Goodbye, my dear child. examine the consequences deduced from them. A philosopher is unworthy of the name, whose work is, not most advantageously viewed as a whole. After carefully meditating my subject, the only S. TEACKLE WALLIS'S ADDRESS. liberty I shall take, is that of exhibiting it under an Address delivered before the Reading Room Society of arrangement different perhaps from that of my au- Saint Mary's College, Baltimore, at the Annual Cottthor. Throughout, I shall give my opinion with mencement, July 2016, 1811. By S. Teachle Wallis. Esi becoming modesty, but with the courage of a man

The author of this Address, is the writer of those people unwilling to betray the rights of reason.”'

| lar essays which have appeared in the Messenger on S321 I take two things for granted, in what I say to dation to the favorabe notice of our readers. It is velit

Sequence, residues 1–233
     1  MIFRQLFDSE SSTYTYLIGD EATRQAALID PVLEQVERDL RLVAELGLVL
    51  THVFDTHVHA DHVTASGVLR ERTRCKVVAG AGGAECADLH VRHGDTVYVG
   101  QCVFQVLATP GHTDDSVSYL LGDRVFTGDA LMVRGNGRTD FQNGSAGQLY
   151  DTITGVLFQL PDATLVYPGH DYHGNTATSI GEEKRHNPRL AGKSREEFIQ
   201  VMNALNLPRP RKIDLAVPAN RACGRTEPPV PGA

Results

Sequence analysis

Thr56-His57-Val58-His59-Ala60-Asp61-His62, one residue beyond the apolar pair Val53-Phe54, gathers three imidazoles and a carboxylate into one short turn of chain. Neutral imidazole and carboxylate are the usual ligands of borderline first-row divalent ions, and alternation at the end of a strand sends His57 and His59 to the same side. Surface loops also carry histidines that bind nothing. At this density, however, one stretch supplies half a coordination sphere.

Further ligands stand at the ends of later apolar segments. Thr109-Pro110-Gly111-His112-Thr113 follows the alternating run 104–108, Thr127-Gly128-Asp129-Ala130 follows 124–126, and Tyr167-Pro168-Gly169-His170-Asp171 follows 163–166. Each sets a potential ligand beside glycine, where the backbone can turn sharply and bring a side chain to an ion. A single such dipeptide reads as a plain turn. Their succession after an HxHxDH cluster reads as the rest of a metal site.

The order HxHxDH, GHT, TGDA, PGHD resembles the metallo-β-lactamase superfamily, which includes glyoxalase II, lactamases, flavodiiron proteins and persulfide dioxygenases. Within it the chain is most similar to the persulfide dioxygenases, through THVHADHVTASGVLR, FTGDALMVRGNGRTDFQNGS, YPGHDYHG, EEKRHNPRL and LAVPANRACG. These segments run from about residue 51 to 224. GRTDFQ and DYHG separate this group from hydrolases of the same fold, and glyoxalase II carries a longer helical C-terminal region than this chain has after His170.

and her literature, and therefore it needs no higher Maste?" you on this subject. 1. That you are earnestly rian throughout, and is set forth in the usual handsetzt style disposed to fill your mind with useful and well ar- of its accomplished author. ranged knowledge. 2. That your firmness, and It is against the rules that we have laid down, lə irss ste? love of truth, will make you steadily, at each day's should give this beautiful address entire to our reaktion

to our columns lectures, speeches, orations, &r., else ** end, set down a true account of that day's work ; whether it be creditable, or shameful to you. These on our hands at this time, crowds out the extracts w* !**